9. Conflict resolution

Some level of conflict is inevitable in the workplace, and so long as it’s dealt with effectively, it shouldn’t pose too much of a problem. An effective leader can address conflict calmly and objectively, preventing conflicts from spiralling out of control.

10. Organisation

Demonstrating good organisational skills is vital for effective leadership, as you’ll always have a number of priorities that will compete for your time. Keeping track of your progress with various projects is vital to keep up momentum and avoid missing deadlines.

11. Empowerment

Empowering other people (whether they are your colleagues, peers, or family) is a vital leadership quality. It’s just as important to develop the skills of the people around you – and empower their career – as it is to do these things for yourself. If you can ‘walk the walk’ and lead by example, it will inspire others around you to behave in a similar way and grow their own skills.

12. Delegation

Leaders need to be able to recognise the strengths of their team members and know how to delegate work. However, be aware of the difference between task ‘dumping’ and delegation: to successfully delegate you need to assess an individual’s suitability for the task – do they have the time, resources, and skills to complete it?

13. Positivity

Whilst things may go wrong sometimes, and there’s a balance to be struck between being optimistic and realistic, a positive leader has the ability to get a team back on track when the worst happens. What’s more, positivity is contagious, so the impact on your team can be immeasurable.

14. Emotional intelligence

A leader should be able to deal with challenging conflict situations objectively and calmly – without getting too caught up in the emotions themselves. A strong leader is also able to sense how other people feel and react accordingly, providing support, guidance, and understanding where necessary. Emotional intelligence in leadership also requires you to understand your own emotions, and to be aware of how your actions impact both your work and your working environment.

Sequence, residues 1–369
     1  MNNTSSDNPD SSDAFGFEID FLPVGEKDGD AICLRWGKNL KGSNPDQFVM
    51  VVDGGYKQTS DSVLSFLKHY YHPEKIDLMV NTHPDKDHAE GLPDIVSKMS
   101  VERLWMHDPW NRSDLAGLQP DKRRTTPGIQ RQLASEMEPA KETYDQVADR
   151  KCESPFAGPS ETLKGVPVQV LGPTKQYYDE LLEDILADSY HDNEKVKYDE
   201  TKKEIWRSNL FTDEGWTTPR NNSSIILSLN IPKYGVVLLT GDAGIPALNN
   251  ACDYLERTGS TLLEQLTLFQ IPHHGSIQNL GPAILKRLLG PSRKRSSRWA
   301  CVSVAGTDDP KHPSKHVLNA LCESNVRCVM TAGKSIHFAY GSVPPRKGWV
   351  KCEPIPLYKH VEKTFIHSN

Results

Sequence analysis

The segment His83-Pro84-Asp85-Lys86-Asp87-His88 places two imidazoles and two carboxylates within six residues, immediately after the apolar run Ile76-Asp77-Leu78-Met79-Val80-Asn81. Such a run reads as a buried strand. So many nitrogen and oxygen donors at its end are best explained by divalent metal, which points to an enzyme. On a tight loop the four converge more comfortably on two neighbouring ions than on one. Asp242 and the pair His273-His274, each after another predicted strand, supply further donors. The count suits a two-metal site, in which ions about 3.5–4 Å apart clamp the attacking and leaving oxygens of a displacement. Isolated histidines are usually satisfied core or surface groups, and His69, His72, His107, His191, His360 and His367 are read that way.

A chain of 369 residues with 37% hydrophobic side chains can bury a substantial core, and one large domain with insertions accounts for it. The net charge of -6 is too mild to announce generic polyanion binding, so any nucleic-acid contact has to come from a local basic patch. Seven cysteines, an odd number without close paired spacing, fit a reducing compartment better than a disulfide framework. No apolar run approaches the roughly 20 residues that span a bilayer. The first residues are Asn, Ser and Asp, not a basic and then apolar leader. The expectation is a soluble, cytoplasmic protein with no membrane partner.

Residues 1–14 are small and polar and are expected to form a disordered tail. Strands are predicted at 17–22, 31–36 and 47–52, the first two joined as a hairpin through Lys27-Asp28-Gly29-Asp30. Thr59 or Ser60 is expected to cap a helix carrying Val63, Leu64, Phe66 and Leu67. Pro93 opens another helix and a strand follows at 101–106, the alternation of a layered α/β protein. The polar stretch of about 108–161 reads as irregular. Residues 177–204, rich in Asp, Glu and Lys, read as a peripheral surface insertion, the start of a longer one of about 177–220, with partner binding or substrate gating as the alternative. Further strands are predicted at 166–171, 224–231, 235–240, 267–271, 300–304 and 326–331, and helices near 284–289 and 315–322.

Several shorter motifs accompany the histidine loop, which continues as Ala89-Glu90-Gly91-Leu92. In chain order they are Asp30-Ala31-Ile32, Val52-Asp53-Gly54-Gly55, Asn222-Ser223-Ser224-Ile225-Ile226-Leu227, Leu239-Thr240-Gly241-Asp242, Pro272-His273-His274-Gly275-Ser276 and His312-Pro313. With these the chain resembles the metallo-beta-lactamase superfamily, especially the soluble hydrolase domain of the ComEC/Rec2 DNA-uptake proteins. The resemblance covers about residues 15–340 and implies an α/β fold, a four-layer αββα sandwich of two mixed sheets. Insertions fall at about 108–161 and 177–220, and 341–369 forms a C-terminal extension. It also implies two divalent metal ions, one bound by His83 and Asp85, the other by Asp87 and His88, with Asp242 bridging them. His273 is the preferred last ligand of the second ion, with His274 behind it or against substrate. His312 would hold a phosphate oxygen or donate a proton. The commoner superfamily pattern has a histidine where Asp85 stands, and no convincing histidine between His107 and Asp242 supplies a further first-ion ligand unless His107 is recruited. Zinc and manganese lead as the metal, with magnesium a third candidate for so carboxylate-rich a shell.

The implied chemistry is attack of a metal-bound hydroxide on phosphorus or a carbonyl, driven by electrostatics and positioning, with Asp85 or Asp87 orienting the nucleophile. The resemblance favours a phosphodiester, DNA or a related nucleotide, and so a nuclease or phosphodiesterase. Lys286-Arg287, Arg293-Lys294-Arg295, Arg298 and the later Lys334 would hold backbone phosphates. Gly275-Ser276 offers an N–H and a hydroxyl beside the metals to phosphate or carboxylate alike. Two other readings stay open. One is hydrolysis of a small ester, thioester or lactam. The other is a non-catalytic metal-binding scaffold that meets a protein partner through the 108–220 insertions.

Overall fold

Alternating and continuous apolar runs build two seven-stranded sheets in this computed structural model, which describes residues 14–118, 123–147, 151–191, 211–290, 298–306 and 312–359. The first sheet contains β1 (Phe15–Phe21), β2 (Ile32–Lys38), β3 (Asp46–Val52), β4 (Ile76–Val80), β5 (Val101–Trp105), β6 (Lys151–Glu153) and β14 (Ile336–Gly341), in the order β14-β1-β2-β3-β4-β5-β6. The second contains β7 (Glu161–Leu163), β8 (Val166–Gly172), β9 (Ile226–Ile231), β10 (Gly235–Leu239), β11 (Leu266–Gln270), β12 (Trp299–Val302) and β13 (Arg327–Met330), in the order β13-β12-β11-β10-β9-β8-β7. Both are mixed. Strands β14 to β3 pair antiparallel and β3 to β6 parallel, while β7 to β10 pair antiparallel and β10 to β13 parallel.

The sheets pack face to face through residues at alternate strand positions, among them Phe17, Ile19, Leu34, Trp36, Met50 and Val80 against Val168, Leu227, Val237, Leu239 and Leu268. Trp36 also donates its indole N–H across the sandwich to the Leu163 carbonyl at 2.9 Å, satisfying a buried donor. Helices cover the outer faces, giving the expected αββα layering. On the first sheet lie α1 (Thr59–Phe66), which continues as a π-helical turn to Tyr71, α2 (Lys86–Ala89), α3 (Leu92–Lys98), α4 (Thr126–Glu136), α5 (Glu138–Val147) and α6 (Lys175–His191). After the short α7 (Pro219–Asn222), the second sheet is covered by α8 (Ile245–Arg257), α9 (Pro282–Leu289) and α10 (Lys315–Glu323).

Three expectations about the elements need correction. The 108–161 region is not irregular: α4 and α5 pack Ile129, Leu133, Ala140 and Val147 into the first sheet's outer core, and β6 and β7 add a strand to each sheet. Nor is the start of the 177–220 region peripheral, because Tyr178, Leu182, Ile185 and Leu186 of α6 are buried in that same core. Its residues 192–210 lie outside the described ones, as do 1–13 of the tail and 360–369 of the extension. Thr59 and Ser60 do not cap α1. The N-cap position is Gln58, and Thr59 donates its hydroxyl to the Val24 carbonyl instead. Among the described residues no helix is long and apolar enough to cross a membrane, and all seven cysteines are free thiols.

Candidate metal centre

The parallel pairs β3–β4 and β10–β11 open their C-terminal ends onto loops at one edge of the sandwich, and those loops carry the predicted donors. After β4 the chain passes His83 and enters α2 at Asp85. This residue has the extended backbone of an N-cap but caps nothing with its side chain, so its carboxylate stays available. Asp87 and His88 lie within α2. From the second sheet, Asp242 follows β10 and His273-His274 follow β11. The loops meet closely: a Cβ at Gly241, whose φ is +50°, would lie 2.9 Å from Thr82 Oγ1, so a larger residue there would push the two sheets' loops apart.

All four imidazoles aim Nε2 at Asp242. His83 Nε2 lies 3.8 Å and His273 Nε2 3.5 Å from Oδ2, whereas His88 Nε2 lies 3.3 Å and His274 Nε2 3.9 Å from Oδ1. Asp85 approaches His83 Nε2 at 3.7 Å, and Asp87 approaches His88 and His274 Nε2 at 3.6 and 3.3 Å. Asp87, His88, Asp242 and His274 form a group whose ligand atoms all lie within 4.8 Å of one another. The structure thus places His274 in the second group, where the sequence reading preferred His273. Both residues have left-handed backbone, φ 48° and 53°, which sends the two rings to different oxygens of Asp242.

15. Integrity

Leading with integrity is fundamental in effective leadership. A lack of integrity will inevitably raise doubts about your reliability and trustworthiness, and undermine your vision for the team. Leading with integrity will inspire those around you to do the same, and leading without integrity is likely to do the same, leading to shortcuts and a lack of effort from your team.

Can you learn to lead?

Leadership skills can be learned, taught, and improved – just like any other skill. As with most non-technical skills, the main challenge is developing the right personal qualities for leadership – and applying these skills – which takes time.

A leader will actively want to take responsibility for making good things happen, by working with others and learning from their own failures. This is why leaders often have the opportunity to learn, see, and do more with their careers. It does take time and effort to improve your leadership skills, but by understanding your strengths and weaknesses, you will focus your approach and begin to grow.

If you’d like to learn more about key working skills, take a look at our problem solving skills blog.

Want to develop your leadership skills?

Take some time to consider the leadership qualities you have read about here and how you could develop these in your own life, in both a professional and personal context.

If you’d like to learn more about how to become a better leader, take a look at QA’s course on leadership here: leadership course page.

Related Articles